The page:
devbanana — 2013-04-14T10:32:07-04:00 — #1
My site has gotten pretty large. We have over 12,000 pages, and about 8,000-10,000 hits per day. Also, our database is about 3 GB. We're running on a dedicated server with 4 GB ram, but yet the server load has been gravitating towards 2-3, sometimes 4 or 5 if it gets out of control. I'm trying to tweak Apache and MySQL, and find what would work best for such a site.
Here's a quick snapshot of the resources used:
top - 10:24:51 up 5 days, 12:37, 1 user, load average: 2.09, 2.04, 3.08
Tasks: 152 total, 1 running, 151 sleeping, 0 stopped, 0 zombie
Cpu(s): 13.4%us, 1.6%sy, 0.0%ni, 70.9%id, 14.0%wa, 0.1%hi, 0.0%si, 0.0%st
Mem: 3579200k total, 2564120k used, 1015080k free, 50428k buffers
Swap: 1959920k total, 337520k used, 1622400k free, 1206828k cached
PID USER PR NI VIRT RES SHR S %CPU %MEM TIME+ COMMAND
32591 mysql 15 0 675m 133m 5364 S 98.5 3.8 4:48.08 mysqld
1 root 15 0 10352 576 544 S 0.0 0.0 0:00.80 init
2 root RT -5 0 0 0 S 0.0 0.0 0:00.85 migration/0
3 root 34 19 0 0 0 S 0.0 0.0 0:00.03 ksoftirqd/0
4 root RT -5 0 0 0 S 0.0 0.0 0:00.00 watchdog/0
5 root RT -5 0 0 0 S 0.0 0.0 0:00.33 migration/1
6 root 34 19 0 0 0 S 0.0 0.0 0:00.00 ksoftirqd/1
7 root RT -5 0 0 0 S 0.0 0.0 0:00.00 watchdog/1
8 root 10 -5 0 0 0 S 0.0 0.0 0:00.01 events/0
9 root 10 -5 0 0 0 S 0.0 0.0 0:00.02 events/1
10 root 10 -5 0 0 0 S 0.0 0.0 0:00.00 khelper
39 root 11 -5 0 0 0 S 0.0 0.0 0:00.00 kthread
44 root 10 -5 0 0 0 S 0.0 0.0 0:00.00 kblockd/0
45 root 10 -5 0 0 0 S 0.0 0.0 0:00.00 kblockd/1
46 root 14 -5 0 0 0 S 0.0 0.0 0:00.00 kacpid
105 root 14 -5 0 0 0 S 0.0 0.0 0:00.00 cqueue/0
106 root 14 -5 0 0 0 S 0.0 0.0 0:00.00 cqueue/1
OK, MySQL was pretty bad when this was taken. Generally, restarting MySQL will lower the load for a bit.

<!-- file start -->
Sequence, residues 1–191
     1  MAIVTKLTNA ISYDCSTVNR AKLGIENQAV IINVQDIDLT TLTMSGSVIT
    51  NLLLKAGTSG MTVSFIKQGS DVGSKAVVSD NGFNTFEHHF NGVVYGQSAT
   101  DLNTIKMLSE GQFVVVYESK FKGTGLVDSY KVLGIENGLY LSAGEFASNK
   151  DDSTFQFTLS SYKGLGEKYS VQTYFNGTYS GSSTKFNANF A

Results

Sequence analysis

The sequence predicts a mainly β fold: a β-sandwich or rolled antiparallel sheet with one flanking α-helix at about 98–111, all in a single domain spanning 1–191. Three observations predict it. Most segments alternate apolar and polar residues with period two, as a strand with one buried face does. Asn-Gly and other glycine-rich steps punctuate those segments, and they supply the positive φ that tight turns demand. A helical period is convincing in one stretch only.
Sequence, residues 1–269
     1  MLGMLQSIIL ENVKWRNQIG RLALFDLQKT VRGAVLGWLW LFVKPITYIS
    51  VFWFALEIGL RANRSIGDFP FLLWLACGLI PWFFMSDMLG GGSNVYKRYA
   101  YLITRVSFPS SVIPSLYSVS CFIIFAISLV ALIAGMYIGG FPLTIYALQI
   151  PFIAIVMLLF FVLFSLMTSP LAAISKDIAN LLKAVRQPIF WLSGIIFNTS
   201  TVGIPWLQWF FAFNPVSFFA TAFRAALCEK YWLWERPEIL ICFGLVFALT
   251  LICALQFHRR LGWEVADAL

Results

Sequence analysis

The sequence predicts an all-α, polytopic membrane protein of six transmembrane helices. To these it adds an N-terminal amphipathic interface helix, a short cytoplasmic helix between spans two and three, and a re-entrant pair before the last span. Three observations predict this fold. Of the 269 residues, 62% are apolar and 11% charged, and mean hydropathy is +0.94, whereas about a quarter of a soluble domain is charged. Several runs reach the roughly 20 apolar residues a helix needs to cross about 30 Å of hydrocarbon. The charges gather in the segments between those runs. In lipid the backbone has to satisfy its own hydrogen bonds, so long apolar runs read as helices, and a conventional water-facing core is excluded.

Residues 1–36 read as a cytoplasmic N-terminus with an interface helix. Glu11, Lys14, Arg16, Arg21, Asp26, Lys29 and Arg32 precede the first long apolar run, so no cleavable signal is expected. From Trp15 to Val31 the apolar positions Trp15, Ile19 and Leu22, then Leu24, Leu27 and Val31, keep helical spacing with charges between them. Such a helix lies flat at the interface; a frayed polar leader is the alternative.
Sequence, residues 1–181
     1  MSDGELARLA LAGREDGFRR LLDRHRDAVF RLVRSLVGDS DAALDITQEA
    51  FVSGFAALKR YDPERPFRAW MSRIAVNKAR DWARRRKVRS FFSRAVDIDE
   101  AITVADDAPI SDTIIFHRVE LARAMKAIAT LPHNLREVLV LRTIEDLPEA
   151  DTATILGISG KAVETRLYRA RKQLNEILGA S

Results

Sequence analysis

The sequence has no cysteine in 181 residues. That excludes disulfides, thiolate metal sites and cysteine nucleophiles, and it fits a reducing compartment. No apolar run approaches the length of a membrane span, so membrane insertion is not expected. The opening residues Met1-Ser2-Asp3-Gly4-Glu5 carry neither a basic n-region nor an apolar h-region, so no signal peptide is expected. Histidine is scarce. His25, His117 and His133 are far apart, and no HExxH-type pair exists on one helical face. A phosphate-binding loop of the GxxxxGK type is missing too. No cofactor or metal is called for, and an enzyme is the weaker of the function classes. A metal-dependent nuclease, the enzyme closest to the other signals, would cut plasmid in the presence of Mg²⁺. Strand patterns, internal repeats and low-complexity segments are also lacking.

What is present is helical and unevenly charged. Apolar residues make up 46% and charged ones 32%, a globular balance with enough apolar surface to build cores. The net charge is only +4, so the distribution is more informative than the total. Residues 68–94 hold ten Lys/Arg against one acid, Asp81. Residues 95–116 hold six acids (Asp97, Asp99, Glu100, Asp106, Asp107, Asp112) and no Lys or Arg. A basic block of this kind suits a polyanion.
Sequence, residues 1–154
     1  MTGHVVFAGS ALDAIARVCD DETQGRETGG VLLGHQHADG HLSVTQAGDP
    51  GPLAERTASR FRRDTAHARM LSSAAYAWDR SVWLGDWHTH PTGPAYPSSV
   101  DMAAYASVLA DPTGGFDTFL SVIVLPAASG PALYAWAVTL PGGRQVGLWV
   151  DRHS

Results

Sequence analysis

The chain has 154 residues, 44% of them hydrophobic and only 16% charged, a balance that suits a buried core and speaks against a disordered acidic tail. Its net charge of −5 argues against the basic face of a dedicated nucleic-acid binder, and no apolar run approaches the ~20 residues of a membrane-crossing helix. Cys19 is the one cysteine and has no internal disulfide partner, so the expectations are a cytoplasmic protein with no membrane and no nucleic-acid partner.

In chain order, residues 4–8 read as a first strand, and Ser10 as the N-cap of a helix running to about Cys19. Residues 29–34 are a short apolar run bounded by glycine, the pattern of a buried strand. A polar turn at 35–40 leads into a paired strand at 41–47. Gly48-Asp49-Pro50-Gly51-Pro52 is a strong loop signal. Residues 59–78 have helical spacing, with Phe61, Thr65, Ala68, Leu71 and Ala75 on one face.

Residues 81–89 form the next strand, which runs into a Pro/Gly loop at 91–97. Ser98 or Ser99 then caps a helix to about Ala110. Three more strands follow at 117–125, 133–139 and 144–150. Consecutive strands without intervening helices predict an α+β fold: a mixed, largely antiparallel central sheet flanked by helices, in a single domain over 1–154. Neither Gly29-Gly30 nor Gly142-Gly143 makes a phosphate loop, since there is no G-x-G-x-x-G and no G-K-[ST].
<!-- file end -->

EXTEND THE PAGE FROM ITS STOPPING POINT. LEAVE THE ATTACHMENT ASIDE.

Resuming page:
Here's my /etc/my.cnf:
max_connections = 50
key_buffer = 256M
table_cache = 4096
sort_buffer_size = 2M
read_buffer_size = 128K
read_rnd_buffer_size = 128K
myisam_sort_buffer_size = 64M
max_heap_table_size = 48M
tmp_table_size = 48M
wait_timeout = 45
interactive_timeout = 300
thread_cache_size = 8
innodb_buffer_pool_size = 5M
innodb_thread_concurrency = 4
max_allowed_packet = 16M
key_buffer = 96M
read_buffer = 128K
write_buffer = 128K
key_buffer = 512M
sort_buffer_size = 64M
read_buffer = 128K
write_buffer = 128K
And here are some settings from httpd.conf, since that also sometimes gives difficulty:
I know everything's set pretty low, but it seems Apache spirals out of control if MaxClients is set too high.
Any help would be greatly appreciated with this.
vincewicks — 2013-04-15T04:41:25-04:00 — #2
Please try to upgrade your memory.
devbanana — 2013-04-15T11:42:01-04:00 — #3
Do you think this is what I need to do?
It is seeming so to me as well. I have HTTPD under control, under about 300-400M, but MySQL seems to require at least 3G to run, which is most of our memory. We have 300M in swap at all times at this point.
I installed Varnish to help out with at least speeding things up, but MySQL is still going out of control.
Thinking either of splitting off MySQL onto its own server, or upgrading the entire server.